Author Topic: List of equipment carried  (Read 7279 times)

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Offline bicyclerider

List of equipment carried
« on: August 15, 2006, 06:15:23 pm »
Does anyone have a detailed list of gear and equipment they transported across via the southern tier?
I'll be pulling a bob trailer witha extremely light load. please also direct me to any journals people have made while riding the southern tier.


Jean Andre Vallery
www.bicyclejournals.net
Sarasota Florida
Jean Andre Vallery
Jacumba, California

Offline biker_james

List of equipment carried
« Reply #1 on: August 16, 2006, 07:56:04 am »
I would check outhttp://www.crazyguyonabike.com . You can search out equipment lists, and a lot of tother infor for the trip you are looking at.


Offline bicyclerider

List of equipment carried
« Reply #2 on: August 16, 2006, 09:46:33 am »
Thanks for the link. I did a search by a couple of diffrent methods.
bob trailer, southern tier and a combination of the two southern tier and bob trailer.
Of the 49 journals that poped up 5 of those were with a little info about the bob trailer.
So many people using panniers.
A lot of people saying the weight was alot to pull up those hills.
So I'm back to asking the same question of adventure cycling group leaders and riders who have used a bob to carry their load. What was the list of things carried, their weight and what was the total weight carried using the bob alone.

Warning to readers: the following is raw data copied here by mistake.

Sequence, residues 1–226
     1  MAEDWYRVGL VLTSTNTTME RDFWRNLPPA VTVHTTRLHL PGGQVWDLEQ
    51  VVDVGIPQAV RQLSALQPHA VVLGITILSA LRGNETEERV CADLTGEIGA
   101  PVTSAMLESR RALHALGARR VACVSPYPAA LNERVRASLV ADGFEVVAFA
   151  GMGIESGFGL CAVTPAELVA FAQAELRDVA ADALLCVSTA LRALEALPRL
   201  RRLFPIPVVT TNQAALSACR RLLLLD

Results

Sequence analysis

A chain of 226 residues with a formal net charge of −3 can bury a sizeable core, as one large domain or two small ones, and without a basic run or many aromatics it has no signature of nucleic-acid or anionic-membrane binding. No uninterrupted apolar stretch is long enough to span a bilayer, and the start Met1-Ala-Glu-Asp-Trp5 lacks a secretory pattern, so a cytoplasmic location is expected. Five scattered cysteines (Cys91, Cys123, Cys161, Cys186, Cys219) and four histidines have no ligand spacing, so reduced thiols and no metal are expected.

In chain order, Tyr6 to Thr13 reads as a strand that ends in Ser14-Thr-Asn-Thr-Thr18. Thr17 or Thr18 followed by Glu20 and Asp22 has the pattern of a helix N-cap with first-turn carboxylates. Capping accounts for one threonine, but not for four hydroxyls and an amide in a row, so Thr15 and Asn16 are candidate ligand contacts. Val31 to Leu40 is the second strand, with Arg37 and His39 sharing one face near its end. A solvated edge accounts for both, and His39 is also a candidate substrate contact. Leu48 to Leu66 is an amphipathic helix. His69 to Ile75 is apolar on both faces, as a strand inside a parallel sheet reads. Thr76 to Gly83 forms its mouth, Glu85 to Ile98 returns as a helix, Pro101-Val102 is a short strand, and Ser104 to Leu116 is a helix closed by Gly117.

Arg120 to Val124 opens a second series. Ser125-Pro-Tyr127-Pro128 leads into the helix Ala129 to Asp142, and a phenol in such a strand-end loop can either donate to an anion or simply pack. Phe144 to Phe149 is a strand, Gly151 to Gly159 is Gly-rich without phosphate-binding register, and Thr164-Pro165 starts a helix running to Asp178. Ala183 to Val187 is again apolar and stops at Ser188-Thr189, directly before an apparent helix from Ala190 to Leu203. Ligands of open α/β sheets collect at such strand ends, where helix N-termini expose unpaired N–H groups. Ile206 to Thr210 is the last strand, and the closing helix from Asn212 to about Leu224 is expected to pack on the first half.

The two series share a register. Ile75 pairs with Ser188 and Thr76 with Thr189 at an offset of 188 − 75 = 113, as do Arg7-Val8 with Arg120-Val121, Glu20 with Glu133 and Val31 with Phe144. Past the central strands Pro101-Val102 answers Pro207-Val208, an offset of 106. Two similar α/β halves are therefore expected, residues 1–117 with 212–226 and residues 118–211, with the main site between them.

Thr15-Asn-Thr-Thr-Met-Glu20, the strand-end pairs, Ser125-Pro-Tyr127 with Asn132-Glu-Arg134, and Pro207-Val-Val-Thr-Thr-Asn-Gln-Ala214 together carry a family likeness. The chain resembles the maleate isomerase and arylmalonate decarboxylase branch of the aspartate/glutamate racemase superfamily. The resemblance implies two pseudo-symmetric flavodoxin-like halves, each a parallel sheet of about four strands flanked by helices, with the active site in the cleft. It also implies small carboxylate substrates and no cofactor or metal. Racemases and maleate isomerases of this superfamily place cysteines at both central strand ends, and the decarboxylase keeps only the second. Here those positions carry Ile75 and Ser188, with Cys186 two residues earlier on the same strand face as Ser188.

I've done google search and so far people haven't been weighing the contents just listing them.
So adventure cycling who would you say has documented this very important aspect of long distance cycling?
I truely understand the meaning of some travel lightly and others heavy. I'm just trying to iron it out t0 be energy effecient.


Jean Andre Vallery
www.bicyclejournals.net
Sarasota Florida

This message was edited by bicyclerider on 8-16-06 @ 5:48 AM
Jean Andre Vallery
Jacumba, California

Offline RussellSeaton

List of equipment carried
« Reply #3 on: August 17, 2006, 01:32:38 pm »
"What was the list of things carried, their weight and what was the total weight carried using the bob alone.
 
So adventure cycling who would you say has documented this very important aspect of long distance cycling?"